Social data -- including posts, comments and reviews -- are still largely isolated from business-critical enterprise data, according to a new report from the Altimeter Group.

The study considered 35 organizations — including Caesar’s Entertainment and Symantec — that use social data in context with enterprise data, defined as information collected from CRM, business intelligence, market research and email marketing, among other sources. It found that 
the average enterprise-class company owns 178 social accounts and 13 departments — including marketing, human resources, field sales and legal — are actively engaged on social platforms.

“Organizations have invested in social media and tools are consolidating but it’s all happening in a silo,” said Susan Etlinger, the report’s author. “Tools tend to be organized around departments because that’s where budgets live...and the silos continue because organizations are designed for departments to work fairly autonomously.”

Somewhat surprisingly, the report finds social data is often difficult to integrate because it is touched by so many organizational departments, all with varying perspectives on the information. The report also notes the numerous nuances within social data make it problematic to apply general metrics across the board and, in many organizations, social data doesn’t carry the same credibility as its enterprise counterpart. 

“This is because it’s the first time brands are getting a view of themselves from the outside in, but social data is not going anywhere,” Etlinger noted.

The companies that are making the most progress on this front eschew the “ownership” question of social data and instead build multi-disciplinary centers of excellence that don’t follow a traditional org chart, she added.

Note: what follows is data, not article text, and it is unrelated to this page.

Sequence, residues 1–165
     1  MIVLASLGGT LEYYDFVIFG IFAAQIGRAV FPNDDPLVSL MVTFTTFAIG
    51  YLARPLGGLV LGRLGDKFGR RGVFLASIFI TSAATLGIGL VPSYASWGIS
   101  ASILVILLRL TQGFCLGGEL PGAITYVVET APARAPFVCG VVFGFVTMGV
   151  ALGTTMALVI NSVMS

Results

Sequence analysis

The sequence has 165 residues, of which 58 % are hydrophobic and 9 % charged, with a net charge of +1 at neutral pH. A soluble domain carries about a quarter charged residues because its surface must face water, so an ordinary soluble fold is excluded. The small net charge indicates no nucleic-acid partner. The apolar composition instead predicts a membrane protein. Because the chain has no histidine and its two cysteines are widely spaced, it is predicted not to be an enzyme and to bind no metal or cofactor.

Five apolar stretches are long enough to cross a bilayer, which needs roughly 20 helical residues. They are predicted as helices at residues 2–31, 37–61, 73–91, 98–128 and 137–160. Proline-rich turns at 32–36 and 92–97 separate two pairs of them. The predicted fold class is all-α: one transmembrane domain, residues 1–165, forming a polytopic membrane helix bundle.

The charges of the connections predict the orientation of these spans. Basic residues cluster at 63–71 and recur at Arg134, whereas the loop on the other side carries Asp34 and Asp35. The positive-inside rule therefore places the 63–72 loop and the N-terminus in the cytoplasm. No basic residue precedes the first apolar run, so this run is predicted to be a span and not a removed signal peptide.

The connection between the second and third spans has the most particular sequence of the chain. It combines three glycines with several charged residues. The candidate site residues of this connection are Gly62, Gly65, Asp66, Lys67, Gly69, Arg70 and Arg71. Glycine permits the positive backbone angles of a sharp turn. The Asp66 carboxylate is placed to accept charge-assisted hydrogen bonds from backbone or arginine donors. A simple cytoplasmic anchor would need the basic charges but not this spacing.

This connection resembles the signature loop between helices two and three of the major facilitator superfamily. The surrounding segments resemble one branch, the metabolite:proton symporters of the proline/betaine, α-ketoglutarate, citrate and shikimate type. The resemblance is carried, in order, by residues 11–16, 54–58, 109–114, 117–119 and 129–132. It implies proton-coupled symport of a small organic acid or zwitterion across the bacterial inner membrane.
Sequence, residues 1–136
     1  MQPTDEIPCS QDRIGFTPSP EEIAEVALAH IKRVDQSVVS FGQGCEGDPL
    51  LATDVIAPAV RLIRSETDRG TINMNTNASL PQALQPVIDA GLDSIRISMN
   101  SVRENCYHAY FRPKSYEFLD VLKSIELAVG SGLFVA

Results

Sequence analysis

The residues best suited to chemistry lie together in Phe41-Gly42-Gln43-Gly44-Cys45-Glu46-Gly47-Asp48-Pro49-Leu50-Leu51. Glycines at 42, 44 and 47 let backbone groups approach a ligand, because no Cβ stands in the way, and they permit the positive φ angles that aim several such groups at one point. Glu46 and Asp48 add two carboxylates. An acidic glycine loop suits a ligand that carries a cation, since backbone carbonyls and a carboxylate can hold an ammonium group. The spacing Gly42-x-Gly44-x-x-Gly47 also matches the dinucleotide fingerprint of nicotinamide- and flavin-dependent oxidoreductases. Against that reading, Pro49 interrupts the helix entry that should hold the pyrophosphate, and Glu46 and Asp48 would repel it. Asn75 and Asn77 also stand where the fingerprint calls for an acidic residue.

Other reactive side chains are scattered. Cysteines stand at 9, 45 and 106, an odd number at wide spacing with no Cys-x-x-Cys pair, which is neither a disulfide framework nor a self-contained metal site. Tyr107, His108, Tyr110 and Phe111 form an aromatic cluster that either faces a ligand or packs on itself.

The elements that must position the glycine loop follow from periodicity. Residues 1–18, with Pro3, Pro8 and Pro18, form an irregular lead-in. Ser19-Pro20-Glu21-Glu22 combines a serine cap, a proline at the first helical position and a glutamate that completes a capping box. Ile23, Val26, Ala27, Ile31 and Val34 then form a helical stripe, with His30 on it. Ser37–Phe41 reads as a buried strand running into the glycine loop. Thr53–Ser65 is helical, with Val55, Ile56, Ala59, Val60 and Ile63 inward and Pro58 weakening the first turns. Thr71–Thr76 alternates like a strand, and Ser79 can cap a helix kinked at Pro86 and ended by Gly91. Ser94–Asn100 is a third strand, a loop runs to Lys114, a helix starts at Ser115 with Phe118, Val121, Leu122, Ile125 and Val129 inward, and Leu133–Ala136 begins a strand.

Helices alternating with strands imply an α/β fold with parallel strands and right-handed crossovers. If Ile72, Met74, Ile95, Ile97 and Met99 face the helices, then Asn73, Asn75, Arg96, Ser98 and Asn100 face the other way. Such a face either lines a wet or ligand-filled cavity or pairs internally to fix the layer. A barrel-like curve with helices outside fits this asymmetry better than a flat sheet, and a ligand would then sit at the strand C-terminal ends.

The report also categorizes the maturity of social data integration into four phases: ad-hoc, formalized, integrated and holistic, as well as maps six dimensions of maturity.

“Most companies are between ad-hoc and formalized right now,” Etlinger said. “Companies like Caesar’s and Symantec have an approach that is much more emerging. And some companies are farther along on one dimension than another.”

For PR, integration can put a process into place for work that has been done manually since the emergence of social data.

“PR has been shooting [relevant data] over to departments for years -- and it has been a burden that they don’t always get credit for,” she added.

Among those organizations integrating social and enterprise data, business intelligence (42%) is the most common point of convergence, followed by market research (35%) and CRM (27%) email marketing (27%) and sensor data (4%).